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Strategies to improve adherence to medications for cardiovascular diseases in socioeconomically disadvantaged populations: A systematic review

Laba, Tracey-Lea, Bleasel, Jonathan, Brien, Jo-anne, Cass, Alan, Howard, Kirsten, Peiris, David, Redfern, Julie, Salam, Abdul, Usherwood, Tim and Jan, Stephen (2013). Strategies to improve adherence to medications for cardiovascular diseases in socioeconomically disadvantaged populations: A systematic review. International Journal of Cardiology,167(6):2430-2440.

Document type: Journal Article

IRMA ID 11035xPUB60
Title Strategies to improve adherence to medications for cardiovascular diseases in socioeconomically disadvantaged populations: A systematic review
Author Laba, Tracey-Lea
Bleasel, Jonathan
Brien, Jo-anne
Cass, Alan
Howard, Kirsten
Peiris, David
Redfern, Julie
Salam, Abdul
Usherwood, Tim
Jan, Stephen
Journal Name International Journal of Cardiology
Publication Date 2013
Volume Number 167
Issue Number 6
ISSN 0167-5273   (check CDU catalogue  open catalogue search in new window)
Start Page 2430
End Page 2440
Total Pages 11
Place of Publication Ireland
Publisher Elsevier Ireland Ltd.
HERDC Category C1 - Journal Article (DIISR)
Abstract Medication non-adherence poses a major barrier to reducing cardiovascular disease (CVD) burden globally, and is increasingly recognised as a socioeconomically determined problem. Strategies promoting CVD medication adherence appear of moderate effectiveness and cost-effectiveness. Potentially, 'one-size-fits-all' measures are ill-equipped to address heterogeneous adherence behaviour between social groups. This review aims to determine the effects of strategies to improve adherence to CVD-related medications in socioeconomically disadvantaged groups. Randomised/quasi-randomised controlled trials (1996-June 2012, English), testing strategies to increase adherence to CVD-related medications prescribed to adult patients who may experience health inequity (place of residence, occupation, education, or socioeconomic position) were reviewed. 772 abstracts were screened, 111 full-text articles retrieved, and 16 full-text articles reporting on 14 studies, involving 7739 patients (age range 41-66 years), were included. Methodological and clinical heterogeneity precluded quantitative data synthesis. Studies were thematically grouped by targeted outcomes; underlying interventions and policies were classified using Michie et al.'s Behaviour Change Wheel. Contrasting with patient or physician/practice strategies, those simultaneously directed at patients and physicians/practices resulted in statistically significant improvements in relative adherence (16-169%). Comparative cost and cost-effectiveness analyses from three studies did not find cost-saving or cost-effective strategies. Unlike much current evidence in general populations, promising evidence exists about what strategies improve adherence in disadvantaged groups. These strategies were generally complex: simultaneously targeting patients and physicians; addressing social, financial, and treatment-related adherence barriers; and supported by broader guidelines, regulatory and communication-based policies. Given their complexity and potential resource implications, comprehensive process evaluations and cost and cost-effectiveness evidence are urgently needed.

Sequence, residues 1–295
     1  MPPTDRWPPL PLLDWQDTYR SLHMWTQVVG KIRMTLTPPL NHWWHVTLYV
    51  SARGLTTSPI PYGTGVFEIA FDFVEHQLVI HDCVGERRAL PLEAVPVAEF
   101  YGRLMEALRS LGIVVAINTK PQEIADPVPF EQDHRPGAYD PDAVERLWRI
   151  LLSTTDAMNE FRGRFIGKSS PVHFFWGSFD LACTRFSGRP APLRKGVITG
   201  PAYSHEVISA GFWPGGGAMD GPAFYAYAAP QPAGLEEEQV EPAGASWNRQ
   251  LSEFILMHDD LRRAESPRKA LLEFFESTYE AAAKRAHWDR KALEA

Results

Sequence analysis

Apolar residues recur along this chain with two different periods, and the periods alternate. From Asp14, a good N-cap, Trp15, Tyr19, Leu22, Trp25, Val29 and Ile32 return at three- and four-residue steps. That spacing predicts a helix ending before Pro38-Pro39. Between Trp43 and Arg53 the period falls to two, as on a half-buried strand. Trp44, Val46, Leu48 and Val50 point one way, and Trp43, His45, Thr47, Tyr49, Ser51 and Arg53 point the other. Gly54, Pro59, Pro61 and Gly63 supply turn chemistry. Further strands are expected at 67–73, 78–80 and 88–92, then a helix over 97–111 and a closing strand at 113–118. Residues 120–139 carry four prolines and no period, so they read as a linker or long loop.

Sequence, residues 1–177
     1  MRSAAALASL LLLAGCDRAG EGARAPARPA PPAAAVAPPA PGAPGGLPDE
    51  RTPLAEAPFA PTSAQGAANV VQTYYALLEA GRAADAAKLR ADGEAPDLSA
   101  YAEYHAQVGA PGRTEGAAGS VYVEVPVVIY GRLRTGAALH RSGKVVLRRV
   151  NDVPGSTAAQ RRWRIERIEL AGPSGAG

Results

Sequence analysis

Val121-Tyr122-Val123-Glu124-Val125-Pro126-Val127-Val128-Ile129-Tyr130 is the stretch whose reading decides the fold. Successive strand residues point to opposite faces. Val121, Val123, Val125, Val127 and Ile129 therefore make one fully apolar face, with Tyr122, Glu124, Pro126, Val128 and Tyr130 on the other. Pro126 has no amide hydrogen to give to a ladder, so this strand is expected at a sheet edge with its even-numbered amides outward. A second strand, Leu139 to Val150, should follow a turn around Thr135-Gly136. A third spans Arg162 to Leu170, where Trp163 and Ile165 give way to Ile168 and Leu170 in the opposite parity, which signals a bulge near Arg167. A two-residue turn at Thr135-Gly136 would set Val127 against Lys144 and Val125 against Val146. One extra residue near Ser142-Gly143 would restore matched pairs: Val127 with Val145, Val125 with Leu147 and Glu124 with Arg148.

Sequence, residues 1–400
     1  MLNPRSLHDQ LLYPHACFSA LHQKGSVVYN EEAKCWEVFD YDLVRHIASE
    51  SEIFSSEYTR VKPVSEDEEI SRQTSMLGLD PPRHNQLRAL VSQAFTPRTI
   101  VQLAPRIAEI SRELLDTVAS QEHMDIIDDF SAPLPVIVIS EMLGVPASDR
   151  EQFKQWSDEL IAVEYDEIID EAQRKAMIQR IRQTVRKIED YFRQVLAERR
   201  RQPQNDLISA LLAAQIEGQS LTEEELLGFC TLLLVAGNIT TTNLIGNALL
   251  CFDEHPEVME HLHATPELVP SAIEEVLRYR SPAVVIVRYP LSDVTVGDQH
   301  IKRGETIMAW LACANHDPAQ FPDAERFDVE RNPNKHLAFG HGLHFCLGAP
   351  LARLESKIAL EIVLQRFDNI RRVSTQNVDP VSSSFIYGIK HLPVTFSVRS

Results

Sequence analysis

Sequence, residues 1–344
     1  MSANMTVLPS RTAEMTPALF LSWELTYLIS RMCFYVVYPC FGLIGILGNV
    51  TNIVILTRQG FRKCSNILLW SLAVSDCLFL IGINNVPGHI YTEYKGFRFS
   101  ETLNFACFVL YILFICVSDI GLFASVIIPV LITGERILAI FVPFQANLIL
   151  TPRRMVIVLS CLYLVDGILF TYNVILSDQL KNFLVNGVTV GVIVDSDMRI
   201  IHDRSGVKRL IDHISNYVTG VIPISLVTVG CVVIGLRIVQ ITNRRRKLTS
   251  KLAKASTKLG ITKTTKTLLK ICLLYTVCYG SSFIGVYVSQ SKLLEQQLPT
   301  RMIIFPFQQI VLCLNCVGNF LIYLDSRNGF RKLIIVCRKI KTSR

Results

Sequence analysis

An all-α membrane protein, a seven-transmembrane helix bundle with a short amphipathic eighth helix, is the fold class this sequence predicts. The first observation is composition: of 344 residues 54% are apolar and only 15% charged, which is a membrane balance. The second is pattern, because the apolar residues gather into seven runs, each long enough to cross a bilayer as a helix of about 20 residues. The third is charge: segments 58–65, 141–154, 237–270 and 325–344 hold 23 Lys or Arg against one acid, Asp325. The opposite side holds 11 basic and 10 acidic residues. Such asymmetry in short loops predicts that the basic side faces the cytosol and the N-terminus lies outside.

DOI http://dx.doi.org/10.1016/j.ijcard.2013.01.049   (check subscription with CDU E-Gateway service for CDU Staff and Students  check subscription with CDU E-Gateway in new window)
 
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